Achieving Public and Accessibility
A New Approach for Public Libraries
The Cambridge Public Library has taken a groundbreaking step by hiring a social worker, Marie Matthews, to assist people facing challenges in their lives. Matthews’ role goes beyond connecting people with books – she supports those who visit the library for purposes other than reading. This includes providing homeless individuals with information about available public services and helping immigrants with document preparation.
The number of libraries hiring social workers has significantly increased over the past decade. While there were only ten such libraries in the US in 2013, the number has surpassed 100 by 2019.
Matthews expresses her desire to transform the library, a hub of information, into an inclusive space where everyone can access information freely. A library that provides information without restrictions based on income, age, status, or abilities might truly embody the essence of a public space.
Public Policy for Minorities
Removing urban highways can improve neighborhoods blighted by decades of racist policies (The Conversation)
With the resurgence of the Black Lives Matter movement and the rise of Asian hate, issues related to racial discrimination are gaining attention once again. Those who have protested have historically been excluded from urban transportation policies.
Urban highways constructed in the 1950s and 1960s are examples of discriminatory infrastructure development. Residential areas of racial minorities were intentionally isolated, leading to significant socio-economic damages.
Environmental scholar Robert Bullard terms this situation “Transportation Racism.” In St. Louis, Missouri, Delmar Boulevard divided white and African American neighborhoods, resulting in severe disparities in income, education, and health.
Harvard researchers concluded, based on the “Delmar Divide” study, that predicting health outcomes is more accurate using zip codes than genetic codes.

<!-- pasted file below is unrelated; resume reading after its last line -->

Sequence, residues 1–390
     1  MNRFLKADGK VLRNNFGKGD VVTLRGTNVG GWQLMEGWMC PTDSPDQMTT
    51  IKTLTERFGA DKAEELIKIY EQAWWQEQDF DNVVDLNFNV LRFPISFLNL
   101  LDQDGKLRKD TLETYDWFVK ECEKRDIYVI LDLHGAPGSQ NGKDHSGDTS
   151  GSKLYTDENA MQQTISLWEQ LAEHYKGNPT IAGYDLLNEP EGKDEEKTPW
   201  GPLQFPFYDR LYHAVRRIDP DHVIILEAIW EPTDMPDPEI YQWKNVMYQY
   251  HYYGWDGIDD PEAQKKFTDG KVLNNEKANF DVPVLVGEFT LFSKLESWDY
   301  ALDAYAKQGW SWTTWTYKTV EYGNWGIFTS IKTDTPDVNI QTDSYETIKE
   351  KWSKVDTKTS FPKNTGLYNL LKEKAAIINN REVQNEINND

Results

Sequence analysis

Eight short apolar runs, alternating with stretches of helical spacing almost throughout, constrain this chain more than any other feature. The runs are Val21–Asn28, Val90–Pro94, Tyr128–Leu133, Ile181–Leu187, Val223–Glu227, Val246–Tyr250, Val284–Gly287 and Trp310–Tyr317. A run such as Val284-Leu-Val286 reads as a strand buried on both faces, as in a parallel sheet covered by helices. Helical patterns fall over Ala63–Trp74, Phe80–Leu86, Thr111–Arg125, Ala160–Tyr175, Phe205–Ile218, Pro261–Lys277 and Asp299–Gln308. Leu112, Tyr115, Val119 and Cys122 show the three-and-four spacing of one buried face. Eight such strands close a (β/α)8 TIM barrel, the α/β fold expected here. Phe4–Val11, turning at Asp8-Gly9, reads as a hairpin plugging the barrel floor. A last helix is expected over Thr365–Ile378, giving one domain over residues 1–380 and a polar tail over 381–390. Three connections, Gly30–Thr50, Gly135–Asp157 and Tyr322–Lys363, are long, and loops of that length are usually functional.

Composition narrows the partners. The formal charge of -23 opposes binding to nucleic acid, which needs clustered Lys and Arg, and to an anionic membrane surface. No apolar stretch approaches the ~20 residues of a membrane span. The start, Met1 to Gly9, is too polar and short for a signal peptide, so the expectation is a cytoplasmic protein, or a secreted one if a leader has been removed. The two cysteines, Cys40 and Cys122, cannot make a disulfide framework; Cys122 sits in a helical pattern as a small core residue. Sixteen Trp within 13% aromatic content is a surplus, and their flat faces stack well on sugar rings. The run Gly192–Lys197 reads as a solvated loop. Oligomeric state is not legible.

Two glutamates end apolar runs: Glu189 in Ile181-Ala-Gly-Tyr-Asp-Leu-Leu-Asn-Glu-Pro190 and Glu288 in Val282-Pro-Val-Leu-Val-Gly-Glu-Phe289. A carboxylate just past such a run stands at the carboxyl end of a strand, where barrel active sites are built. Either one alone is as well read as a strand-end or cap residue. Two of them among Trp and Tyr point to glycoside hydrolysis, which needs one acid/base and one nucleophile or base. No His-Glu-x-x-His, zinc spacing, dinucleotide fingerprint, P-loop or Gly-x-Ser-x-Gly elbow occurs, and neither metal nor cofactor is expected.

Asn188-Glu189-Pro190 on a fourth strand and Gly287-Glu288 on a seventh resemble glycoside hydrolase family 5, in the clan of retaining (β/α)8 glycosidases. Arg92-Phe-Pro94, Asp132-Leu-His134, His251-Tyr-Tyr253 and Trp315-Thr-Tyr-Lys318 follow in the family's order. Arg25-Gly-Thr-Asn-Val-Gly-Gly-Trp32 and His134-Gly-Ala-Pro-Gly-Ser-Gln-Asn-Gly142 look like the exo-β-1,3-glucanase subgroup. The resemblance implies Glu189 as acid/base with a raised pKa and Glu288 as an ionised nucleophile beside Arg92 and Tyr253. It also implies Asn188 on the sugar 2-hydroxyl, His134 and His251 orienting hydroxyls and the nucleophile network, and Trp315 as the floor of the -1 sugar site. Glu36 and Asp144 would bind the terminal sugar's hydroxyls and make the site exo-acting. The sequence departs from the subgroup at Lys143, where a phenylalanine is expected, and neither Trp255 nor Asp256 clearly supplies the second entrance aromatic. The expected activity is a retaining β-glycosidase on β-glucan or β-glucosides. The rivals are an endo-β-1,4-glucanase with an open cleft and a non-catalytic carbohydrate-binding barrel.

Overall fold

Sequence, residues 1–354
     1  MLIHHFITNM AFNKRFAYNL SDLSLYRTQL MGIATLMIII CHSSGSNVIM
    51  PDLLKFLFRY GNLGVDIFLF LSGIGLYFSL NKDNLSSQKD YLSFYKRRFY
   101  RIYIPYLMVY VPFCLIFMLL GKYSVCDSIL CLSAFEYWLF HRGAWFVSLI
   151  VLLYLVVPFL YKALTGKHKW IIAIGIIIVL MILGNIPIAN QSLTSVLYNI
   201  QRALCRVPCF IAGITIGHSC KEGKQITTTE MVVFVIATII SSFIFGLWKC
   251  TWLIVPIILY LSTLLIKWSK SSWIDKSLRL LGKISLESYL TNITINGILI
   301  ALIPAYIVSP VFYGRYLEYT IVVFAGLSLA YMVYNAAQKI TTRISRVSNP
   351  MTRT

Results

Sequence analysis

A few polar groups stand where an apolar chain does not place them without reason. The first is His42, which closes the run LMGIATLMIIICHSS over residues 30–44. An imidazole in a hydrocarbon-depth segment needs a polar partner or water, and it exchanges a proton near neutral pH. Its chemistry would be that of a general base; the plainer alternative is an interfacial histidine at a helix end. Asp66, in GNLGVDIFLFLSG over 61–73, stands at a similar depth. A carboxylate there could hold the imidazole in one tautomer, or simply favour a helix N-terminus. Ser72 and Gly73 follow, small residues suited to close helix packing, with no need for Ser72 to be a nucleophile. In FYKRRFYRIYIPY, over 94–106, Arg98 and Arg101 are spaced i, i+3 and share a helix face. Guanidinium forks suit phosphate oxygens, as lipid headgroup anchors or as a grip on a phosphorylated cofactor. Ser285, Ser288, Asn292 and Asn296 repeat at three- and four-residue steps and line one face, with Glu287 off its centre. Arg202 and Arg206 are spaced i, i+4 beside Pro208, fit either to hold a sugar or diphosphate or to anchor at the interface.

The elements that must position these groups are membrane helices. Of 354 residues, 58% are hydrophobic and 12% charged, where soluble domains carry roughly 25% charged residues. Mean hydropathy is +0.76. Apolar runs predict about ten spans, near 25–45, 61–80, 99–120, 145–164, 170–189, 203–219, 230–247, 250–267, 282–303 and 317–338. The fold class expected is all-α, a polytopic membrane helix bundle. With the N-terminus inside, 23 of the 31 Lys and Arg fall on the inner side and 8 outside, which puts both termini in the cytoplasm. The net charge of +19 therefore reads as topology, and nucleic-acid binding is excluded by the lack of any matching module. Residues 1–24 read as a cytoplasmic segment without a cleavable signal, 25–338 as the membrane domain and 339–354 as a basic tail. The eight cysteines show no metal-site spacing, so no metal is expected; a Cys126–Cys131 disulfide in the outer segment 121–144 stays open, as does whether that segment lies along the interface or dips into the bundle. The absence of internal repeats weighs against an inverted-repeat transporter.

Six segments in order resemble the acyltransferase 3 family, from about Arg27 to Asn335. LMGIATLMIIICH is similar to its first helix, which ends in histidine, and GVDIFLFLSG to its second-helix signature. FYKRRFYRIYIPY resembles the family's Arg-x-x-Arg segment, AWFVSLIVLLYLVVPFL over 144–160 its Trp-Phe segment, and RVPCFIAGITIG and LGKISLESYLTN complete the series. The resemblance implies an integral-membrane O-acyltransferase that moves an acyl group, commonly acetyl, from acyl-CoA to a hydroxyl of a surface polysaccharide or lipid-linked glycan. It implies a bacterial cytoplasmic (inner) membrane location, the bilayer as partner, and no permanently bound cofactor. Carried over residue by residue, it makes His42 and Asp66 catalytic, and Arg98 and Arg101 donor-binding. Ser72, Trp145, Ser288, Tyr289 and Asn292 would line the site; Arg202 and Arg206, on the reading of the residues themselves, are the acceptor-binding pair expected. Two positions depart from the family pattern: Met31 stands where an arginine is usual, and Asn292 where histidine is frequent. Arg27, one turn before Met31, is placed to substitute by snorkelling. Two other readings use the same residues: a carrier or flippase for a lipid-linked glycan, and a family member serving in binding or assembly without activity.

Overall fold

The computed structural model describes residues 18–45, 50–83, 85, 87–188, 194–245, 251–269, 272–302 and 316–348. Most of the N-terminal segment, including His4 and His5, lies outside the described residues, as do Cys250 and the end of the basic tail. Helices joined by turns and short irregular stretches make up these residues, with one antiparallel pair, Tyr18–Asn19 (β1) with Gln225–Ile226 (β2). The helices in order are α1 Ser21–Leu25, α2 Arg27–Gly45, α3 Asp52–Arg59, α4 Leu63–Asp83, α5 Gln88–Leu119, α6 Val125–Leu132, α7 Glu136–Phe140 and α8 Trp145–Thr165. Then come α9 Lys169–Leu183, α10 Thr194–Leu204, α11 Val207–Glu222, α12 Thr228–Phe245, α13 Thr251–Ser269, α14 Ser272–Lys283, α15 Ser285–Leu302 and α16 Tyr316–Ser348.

President Biden has proposed $200 billion investment for reconnecting isolated areas, and expectations are high for the allocation of the $1.2 trillion infrastructure package.
While racial discrimination might seem less familiar in Japan, there are many areas and people struggling with limited opportunities for employment and more. Physically and digitally connecting minority communities to various “opportunities” will likely be demanded in the future concept of “public.”
Chess Fosters Community and Education
What Role does Chess Play in Public Spaces? (arch daily)
In European countries like Germany and the Netherlands, you can find parks with giant chess sets. Chess, with a history of over 1500 years, now serves as a tool to enhance mental and social well-being for urban dwellers with busy lives.
Chess, playable regardless of language, age, gender, or physical ability, fosters encounters among people and builds connections. It has particularly important implications in alleviating loneliness among the elderly. It also provides spatial cognition training and effectively contributes to preventing Alzheimer’s disease.
Moreover, various studies have revealed the educational benefits of chess for children. It helps them learn the importance of rules, understand the consequences of their actions, and develop imagination and communication skills.
The phrase “learning through play” holds significant meaning not only for children but for people of all generations. While the perception of “public” might vary, spaces where people interact through a common communication tool like chess could serve as a wonderful model of a public space.
Vaccination Outreach and Public Facility Access
In the United Arab Emirates, the vaccination rate has reached 93% of the eligible population. To protect citizens’ health, the Emergency, Crisis, and Disasters Committee has announced a policy to restrict access to public facilities only to vaccine recipients. This policy extends to a wide range of places, including restaurants, large commercial centers, theme parks, as well as gyms and entertainment facilities. However, supermarkets and pharmacies that sell essential items are excluded from this policy. Nonetheless, schools, childcare facilities, and research institutions are included in these restrictions. While this limitation doesn’t affect the majority, it significantly restricts access to public facilities for the remaining 7% of the population.
In some parts of Europe, areas where people are not vaccinated have limited access to restaurants. Vaccination against the novel coronavirus is spreading in Japan as well. However, not all citizens are embracing vaccination positively. Many people harbor resistance and mistrust toward vaccines developed under extraordinary circumstances. While the option to choose whether to be vaccinated or not should be given to citizens, such restrictions seem to apply invisible pressure on people to get vaccinated. Can today’s public facilities truly be considered accessible to everyone?